What Makes Habits Stick? Cue: It’s Not Discipline

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If you ask people why they want to work with a Professional Coach, one of the top three reasons they will give is to get help cultivating or stopping a habit.

Many believe that developing habits requires magic, so we constantly seek new hacks. However, our habits are simply what we consistently do.  

Over time, what we do repeatedly shapes who we have become; in other words, our habits determine our identity. In F. M. Alexander’s words, "People do not decide their futures; they decide their habits, and their habits decide their futures.”

If you believe this is true, I want to help you reverse engineer your goal of creating a new habit by teaching you how to leverage your identity.

Most people believe the path toward developing new habits is through force and discipline. However, I have learned that there is a simpler, science-backed way to form habits. And although it may sound simplistic, it has been proven to work incredibly well.

Instead of solely focusing on behavior, focus on adopting the identity of the person with the desired habit.

For example, to establish a consistent exercise routine, begin by fully committing to adopting the identity of an athlete. Even if you initially feel like an imposter, refer to yourself as an athlete. Immerse yourself in knowledge about the athletic lifestyle of someone you admire, and surround yourself with other athletes.

When faced with doubt or uncertainty, ask yourself, 'What would an athlete do?' An athlete doesn't even refer to what they do as exercise. They understand the importance of moving their body often and prioritize it accordingly. They eat to fuel their activities, not to monitor their calorie intake. They dress in a way that supports their athletic lifestyle. They take recovery as seriously as their training.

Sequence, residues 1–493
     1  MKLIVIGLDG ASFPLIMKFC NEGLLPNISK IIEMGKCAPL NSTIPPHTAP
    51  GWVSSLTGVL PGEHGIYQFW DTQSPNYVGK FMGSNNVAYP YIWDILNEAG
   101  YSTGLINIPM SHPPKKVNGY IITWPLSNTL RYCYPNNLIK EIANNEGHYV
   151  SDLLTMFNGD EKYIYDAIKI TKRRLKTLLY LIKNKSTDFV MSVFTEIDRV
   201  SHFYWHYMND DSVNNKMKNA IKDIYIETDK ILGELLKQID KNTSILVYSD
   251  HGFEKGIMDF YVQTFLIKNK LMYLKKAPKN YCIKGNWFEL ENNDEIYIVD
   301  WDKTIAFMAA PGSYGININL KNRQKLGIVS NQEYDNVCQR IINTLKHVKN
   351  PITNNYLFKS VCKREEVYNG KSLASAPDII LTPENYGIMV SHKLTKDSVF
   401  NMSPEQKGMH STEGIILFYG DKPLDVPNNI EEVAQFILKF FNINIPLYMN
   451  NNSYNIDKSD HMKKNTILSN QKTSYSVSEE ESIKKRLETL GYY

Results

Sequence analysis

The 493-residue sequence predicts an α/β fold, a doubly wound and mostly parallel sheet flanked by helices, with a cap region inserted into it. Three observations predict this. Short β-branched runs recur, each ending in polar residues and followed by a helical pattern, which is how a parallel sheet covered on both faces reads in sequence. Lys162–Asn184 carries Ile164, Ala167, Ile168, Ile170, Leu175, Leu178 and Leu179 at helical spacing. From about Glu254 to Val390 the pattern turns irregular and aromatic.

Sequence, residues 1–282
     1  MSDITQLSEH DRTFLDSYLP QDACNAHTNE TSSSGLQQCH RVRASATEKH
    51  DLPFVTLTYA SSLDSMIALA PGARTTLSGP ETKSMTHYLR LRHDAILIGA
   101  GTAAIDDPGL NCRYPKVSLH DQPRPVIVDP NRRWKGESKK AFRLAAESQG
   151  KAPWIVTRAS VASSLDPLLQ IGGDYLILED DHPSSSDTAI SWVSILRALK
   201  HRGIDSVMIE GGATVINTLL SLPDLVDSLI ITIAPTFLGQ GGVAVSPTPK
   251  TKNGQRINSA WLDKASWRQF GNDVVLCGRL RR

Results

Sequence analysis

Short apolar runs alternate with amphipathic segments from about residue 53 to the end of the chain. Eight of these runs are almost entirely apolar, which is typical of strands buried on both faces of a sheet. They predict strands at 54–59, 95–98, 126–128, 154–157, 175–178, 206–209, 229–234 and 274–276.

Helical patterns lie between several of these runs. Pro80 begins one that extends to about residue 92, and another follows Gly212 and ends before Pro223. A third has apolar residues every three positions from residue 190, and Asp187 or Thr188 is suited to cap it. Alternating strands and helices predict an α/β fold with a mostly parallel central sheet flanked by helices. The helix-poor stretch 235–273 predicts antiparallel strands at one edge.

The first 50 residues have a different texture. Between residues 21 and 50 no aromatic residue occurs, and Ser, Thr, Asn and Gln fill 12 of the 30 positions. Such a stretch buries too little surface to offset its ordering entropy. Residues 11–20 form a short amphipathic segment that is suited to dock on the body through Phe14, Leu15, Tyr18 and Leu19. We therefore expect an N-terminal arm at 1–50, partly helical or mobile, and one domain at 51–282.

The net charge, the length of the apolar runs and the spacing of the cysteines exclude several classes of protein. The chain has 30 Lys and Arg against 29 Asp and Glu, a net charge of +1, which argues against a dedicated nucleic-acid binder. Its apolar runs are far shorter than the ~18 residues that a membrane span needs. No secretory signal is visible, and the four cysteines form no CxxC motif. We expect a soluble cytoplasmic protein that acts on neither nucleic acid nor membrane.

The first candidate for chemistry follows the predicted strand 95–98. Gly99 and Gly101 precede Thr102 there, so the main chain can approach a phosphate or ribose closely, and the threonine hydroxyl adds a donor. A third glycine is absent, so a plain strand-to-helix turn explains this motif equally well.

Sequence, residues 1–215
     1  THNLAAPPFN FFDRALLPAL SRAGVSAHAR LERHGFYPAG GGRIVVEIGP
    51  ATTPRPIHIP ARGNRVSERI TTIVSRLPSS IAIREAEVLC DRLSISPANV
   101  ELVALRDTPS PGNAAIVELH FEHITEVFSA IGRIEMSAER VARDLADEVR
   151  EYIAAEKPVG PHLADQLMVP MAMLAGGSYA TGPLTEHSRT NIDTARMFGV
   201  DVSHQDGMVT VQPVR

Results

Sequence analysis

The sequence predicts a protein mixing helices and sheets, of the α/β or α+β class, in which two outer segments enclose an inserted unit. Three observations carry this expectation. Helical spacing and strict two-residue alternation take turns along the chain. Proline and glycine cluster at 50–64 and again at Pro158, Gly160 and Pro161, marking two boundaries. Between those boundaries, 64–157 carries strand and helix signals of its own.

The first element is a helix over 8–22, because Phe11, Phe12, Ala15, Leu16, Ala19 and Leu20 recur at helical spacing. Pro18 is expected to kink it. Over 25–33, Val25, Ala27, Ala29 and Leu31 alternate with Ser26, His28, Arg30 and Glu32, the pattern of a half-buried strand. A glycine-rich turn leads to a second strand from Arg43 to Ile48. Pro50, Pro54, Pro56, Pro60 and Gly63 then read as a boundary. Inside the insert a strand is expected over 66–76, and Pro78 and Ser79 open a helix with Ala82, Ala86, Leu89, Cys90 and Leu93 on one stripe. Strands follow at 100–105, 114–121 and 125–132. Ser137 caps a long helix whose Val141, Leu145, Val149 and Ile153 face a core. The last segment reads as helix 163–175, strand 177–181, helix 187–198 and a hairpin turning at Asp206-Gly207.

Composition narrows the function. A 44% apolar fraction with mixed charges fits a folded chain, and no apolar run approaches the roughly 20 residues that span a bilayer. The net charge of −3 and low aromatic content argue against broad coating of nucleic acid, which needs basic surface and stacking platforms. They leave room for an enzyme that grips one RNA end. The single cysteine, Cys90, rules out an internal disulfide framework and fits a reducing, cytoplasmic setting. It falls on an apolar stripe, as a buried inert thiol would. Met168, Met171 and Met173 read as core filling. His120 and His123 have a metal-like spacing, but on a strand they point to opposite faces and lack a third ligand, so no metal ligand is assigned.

An athlete doesn’t have to be held accountable or motivated to do what her identity calls for.

An important Stanford experiment shows that turnout was lower for people who were asked to vote (Behavior) than those who identified as voters (Identity).

To shift your identity, you need to work on becoming a Noun rather than solely focusing on being a Verb.

Be an Athlete rather than someone who plays pickleball. 

Be a Health Nut rather than someone who is on a diet. 

Be an Adventurer rather than someone who travels. 

Be a Writer rather than someone who writes.

Be an Owner rather than someone who keeps her surroundings tidy.

Tell your child to be a Helper rather than ask for their help.  

However, this approach only works if the identity we are trying to create is directly related to one or more of our core values.

Suppose freedom, courage, and faith are my top three core values in life. In that case, it is natural for me to want to build and invest in my identity as an athlete (which provides freedom to move), an upholder (displaying courage), and a Professional Coach (as I have deep faith in people).

I have more than one client whose top life value is integrity. Over time, they have reclaimed and sometimes recreated their identity as Truth-tellers and, in the process, have let go of the negative habits of people-pleasing and identity division.

If you have not identified your top three most important life values, you will want to start by doing so, either on your own or with a Professional Coach. From there, you can begin taking on the social role of a person who models those values. In time, for the most part, you will not need discipline or willpower because your actions align with your conscious identity.

You are no longer doing. You are being.

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